Loudoun County's six Republican supervisors approved a 500-unit housing development yesterday on the family farm of former county board chairman Dale Polen Myers.

Myers served as the top campaign strategist for two of the supervisors and was a key architect behind the GOP's successful takeover of the county board in elections in November.

The 163-acre farm, which Myers said has been in the family since the 18th century, is being developed by Silver Spring-based U.S. Home Corp. The company agreed to buy the property if the board approved its development plans, Myers said. County officials assessed the value of the property at $2.9 million this year. Myers declined to comment on the sale price, or on what percentage of the property she owns.

"I am one of the heirs of the farm," Myers said. "I'm not going to get into our family contract."

Myers was a champion of swift development during her four-year term as board chairman, which began in 1996, and has remained intimately involved in the county's politics since she was defeated in 1999 by the current board chairman, Scott K. York (I), who advocates slow growth.

Myers spent years organizing opponents of the previous board's slow-growth policies, which reduced the number of homes that could eventually be built in Loudoun by 80,000. Last year she helped direct the victorious campaigns of board Vice Chairman Bruce E. Tulloch (R-Potomac) and Supervisor Stephen J. Snow (R-Dulles), who have pushed to increase development in the nation's fastest-growing county.

In comments before the board at the beginning of yesterday's meeting, Myers appealed to the supervisors to support an upcoming youth baseball tournament and did not mention the coming vote on her family's farm. When the board took up the issue, Myers sat in the lobby watching the proceedings on cable television.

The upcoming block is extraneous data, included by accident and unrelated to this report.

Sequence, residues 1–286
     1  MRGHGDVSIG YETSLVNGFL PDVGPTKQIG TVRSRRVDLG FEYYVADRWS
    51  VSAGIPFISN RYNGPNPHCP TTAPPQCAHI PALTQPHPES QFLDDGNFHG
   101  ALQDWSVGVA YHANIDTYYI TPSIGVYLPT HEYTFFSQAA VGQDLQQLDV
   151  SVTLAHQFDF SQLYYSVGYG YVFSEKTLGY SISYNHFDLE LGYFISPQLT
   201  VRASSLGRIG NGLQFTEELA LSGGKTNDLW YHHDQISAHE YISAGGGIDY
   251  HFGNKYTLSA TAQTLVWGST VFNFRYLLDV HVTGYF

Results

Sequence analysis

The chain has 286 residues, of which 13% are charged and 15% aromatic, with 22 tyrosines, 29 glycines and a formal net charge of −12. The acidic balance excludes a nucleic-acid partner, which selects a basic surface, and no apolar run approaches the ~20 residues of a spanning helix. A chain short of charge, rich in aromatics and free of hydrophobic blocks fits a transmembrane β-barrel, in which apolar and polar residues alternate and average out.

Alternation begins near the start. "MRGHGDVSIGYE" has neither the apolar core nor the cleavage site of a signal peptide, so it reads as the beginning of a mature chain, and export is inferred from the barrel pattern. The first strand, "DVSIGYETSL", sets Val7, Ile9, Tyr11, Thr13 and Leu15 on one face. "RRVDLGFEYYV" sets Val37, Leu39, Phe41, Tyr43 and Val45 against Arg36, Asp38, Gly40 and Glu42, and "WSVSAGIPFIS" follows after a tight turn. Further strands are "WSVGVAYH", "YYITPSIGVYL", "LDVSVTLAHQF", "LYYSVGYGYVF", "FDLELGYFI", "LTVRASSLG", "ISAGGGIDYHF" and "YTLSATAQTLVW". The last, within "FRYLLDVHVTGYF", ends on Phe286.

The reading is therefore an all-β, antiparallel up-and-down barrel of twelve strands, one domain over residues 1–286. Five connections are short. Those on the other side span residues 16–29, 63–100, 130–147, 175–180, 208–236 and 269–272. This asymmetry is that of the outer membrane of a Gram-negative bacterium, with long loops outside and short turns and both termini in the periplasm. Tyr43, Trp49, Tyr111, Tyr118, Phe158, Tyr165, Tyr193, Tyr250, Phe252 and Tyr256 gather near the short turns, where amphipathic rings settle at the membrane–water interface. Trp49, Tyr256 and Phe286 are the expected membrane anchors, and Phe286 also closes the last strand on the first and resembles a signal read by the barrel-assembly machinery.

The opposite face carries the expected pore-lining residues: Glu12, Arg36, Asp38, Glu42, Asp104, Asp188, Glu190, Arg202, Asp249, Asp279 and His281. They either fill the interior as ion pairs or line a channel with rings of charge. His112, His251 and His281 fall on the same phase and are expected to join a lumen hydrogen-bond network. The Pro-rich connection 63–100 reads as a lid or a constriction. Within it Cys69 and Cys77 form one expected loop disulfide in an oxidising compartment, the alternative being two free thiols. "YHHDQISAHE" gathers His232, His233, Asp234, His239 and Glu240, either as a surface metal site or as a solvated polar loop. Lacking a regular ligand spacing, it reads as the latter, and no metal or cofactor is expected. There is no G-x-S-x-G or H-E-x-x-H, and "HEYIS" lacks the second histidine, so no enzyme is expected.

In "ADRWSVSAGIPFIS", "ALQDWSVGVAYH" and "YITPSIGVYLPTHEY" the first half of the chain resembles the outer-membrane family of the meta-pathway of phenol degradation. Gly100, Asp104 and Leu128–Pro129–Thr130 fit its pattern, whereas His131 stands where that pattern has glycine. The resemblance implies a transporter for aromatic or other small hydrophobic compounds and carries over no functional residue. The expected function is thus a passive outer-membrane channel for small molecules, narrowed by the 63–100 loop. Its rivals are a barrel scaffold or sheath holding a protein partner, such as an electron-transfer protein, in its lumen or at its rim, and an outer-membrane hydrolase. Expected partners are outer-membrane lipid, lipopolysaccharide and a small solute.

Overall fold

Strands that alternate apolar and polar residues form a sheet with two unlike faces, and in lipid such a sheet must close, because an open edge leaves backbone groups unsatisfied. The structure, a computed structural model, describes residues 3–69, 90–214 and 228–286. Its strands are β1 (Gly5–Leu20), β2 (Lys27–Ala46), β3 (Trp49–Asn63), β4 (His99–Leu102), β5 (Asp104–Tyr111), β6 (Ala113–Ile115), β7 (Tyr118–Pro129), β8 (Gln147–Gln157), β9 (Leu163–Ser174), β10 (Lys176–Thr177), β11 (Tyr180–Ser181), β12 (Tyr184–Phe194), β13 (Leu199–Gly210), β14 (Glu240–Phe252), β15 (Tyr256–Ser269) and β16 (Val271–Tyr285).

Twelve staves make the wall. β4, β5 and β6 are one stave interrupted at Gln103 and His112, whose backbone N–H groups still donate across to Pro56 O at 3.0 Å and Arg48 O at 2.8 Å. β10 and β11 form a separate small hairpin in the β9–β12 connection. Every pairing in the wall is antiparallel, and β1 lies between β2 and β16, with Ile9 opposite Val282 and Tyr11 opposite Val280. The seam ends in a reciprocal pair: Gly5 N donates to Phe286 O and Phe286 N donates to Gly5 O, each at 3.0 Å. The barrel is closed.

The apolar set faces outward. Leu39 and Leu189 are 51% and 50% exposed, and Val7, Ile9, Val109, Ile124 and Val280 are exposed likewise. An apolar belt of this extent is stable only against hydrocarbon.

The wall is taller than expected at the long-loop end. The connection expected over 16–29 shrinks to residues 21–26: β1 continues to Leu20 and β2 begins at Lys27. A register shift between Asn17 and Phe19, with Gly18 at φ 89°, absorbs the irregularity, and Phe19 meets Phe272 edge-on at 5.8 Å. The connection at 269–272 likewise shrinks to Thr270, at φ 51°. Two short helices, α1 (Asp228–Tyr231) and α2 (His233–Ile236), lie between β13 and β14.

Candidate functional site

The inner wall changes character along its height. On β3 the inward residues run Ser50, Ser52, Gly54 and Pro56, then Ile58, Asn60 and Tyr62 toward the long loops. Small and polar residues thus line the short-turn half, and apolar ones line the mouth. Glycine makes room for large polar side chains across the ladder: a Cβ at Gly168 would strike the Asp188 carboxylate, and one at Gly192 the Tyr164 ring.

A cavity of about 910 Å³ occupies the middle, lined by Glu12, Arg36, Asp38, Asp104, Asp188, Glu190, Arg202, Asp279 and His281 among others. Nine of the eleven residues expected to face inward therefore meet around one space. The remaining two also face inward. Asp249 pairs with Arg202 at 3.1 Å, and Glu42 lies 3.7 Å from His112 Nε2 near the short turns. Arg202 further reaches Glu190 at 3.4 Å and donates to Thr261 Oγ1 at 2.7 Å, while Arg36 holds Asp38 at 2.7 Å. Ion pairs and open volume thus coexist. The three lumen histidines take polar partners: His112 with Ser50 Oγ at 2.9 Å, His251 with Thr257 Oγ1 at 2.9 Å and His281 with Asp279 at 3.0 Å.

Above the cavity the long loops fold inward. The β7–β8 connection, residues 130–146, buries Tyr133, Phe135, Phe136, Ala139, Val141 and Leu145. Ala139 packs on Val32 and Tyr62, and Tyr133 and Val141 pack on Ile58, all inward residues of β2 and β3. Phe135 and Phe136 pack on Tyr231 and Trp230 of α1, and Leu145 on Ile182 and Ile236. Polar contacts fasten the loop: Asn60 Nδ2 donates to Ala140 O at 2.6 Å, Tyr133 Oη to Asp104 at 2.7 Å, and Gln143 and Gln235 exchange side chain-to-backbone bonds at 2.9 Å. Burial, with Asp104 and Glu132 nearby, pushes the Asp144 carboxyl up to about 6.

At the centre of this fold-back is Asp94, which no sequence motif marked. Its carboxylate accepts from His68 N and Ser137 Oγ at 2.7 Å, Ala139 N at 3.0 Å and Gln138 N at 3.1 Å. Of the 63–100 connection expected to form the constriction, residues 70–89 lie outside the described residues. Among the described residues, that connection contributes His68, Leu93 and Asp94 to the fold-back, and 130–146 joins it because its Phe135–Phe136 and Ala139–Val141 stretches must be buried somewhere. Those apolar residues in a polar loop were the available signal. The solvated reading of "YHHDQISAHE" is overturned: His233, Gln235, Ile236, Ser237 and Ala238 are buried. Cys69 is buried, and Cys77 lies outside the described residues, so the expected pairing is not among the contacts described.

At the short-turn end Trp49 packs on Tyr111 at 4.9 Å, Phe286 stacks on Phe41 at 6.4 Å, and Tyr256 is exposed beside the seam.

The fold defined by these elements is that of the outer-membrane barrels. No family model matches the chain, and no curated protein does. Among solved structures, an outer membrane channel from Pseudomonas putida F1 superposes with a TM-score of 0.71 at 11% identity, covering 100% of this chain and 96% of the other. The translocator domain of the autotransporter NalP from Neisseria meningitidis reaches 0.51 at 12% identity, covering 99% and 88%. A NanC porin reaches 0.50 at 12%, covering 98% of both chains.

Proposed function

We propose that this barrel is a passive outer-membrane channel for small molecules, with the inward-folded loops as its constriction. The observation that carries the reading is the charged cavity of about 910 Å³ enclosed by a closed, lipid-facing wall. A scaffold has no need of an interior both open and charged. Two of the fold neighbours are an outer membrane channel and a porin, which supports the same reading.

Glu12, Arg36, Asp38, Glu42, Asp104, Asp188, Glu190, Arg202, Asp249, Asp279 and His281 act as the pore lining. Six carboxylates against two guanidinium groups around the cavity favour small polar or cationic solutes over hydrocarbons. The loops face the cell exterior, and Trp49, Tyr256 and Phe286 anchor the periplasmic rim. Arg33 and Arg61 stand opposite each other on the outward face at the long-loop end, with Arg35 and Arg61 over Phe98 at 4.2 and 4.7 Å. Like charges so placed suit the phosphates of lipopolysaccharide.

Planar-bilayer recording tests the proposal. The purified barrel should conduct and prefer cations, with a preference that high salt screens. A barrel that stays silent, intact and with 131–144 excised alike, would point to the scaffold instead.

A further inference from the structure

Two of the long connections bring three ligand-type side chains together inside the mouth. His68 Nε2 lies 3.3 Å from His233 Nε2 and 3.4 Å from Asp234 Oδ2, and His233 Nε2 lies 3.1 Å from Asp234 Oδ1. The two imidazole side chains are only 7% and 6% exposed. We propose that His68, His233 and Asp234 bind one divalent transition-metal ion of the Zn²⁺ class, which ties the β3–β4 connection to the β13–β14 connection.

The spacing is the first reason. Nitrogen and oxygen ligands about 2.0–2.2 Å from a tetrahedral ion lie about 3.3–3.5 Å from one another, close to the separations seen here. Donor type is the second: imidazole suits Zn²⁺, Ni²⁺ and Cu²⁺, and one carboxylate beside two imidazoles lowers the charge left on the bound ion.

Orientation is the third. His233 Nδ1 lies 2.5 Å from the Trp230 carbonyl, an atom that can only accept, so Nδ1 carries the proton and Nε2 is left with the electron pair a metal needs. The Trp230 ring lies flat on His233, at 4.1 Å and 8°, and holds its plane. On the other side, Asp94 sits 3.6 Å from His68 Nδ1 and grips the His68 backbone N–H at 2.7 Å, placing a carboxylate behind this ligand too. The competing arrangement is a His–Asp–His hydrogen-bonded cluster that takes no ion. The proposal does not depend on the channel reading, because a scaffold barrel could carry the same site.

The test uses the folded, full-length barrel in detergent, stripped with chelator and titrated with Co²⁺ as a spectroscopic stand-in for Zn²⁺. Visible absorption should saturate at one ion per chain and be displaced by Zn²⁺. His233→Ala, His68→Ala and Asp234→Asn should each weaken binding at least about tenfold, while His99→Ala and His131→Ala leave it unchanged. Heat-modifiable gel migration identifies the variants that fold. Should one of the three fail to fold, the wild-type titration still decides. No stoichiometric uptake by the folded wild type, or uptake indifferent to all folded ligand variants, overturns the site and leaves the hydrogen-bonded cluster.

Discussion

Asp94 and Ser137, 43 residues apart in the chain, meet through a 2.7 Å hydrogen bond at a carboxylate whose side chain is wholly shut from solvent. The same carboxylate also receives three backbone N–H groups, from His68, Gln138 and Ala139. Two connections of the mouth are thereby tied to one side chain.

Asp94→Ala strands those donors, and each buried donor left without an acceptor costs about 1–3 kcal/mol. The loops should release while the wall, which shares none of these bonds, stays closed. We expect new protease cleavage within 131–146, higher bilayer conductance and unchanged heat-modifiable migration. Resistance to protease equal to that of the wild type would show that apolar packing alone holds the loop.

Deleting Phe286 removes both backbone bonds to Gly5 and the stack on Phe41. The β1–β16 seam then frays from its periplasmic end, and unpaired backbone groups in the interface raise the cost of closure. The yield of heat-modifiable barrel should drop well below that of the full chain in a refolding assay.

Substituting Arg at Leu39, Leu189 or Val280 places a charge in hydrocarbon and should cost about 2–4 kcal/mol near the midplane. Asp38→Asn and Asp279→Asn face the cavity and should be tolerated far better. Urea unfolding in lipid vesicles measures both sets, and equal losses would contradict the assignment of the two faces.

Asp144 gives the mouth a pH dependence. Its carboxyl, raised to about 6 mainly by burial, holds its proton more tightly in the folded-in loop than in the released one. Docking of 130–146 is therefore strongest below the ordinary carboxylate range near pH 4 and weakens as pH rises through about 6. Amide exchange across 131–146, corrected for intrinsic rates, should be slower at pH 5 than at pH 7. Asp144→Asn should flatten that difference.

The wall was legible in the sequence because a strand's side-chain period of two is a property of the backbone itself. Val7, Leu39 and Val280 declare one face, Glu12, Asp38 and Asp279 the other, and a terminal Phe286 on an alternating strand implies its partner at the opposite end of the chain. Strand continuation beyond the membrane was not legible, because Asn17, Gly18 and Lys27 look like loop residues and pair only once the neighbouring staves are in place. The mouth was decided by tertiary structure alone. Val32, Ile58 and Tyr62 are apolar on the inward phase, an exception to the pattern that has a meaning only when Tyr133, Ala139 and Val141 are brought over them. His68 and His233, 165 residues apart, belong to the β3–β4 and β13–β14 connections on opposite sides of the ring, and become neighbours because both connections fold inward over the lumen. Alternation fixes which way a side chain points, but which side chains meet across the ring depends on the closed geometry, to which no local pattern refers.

The board voted 6 to 3 to rezone the property, which would allow 500 single-family homes, townhouses and condominiums to be built -- three times the 163 residences that would have been allowed with no board action.

Proponents noted that the development adheres to polices on housing densities set by the previous board for eastern Loudoun. Several Republican supervisors also said it was unfair, and disingenuous, to vote against an applicant such as U.S. Home that was simply trying to follow the county's rules.

Supervisor Mick Staton Jr. (R-Sugarland Run) said the proposal met "all the requirements" put in place by the previous board. "I guess you can be 'smart growth' or you can be 'no growth,' " Staton said. "It looks like the people supporting applications coming forward are 'smart growth,' and those who aren't are 'no growth.' "

Opponents of the application cited county figures outlining the fiscal impacts associated with the proposal.

"We're talking about millions and millions of dollars extra the rezoning will cost the taxpayers," said Supervisor James Burton (I-Blue Ridge).

Burton also noted that the current board has reduced the size of contributions the county expects from developers for infrastructure associated with the houses they build in the county.

According to figures prepared by the county staff, building capital facilities such as schools for a 500-unit development would cost the county between $5 million and $6 million more than it would cost the county to build such facilities for 163 units. That does not include yearly costs associated with serving new residents, Burton said.

The calculations are complicated by the fact that, according to Virginia law, the county gets no cash from the developer of such a project unless a property is rezoned. As part of the rezoning approved yesterday, U.S. Home agreed to provide about $6 million to cover some of the costs associated with its project.

Steve Calos, former executive director of Virginia's branch of Common Cause, said yesterday's approval presented an appearance of a conflict of interest that could give rise to accusations of cronyism.

"Anytime one does something that benefits one's supporters or political friends, it plays badly in some quarters," Calos said. But, he added: "There's nothing in the code that speaks to political conflicts. The code speaks to financial conflicts."

Tulloch said any suggestion of a conflict was "totally absurd."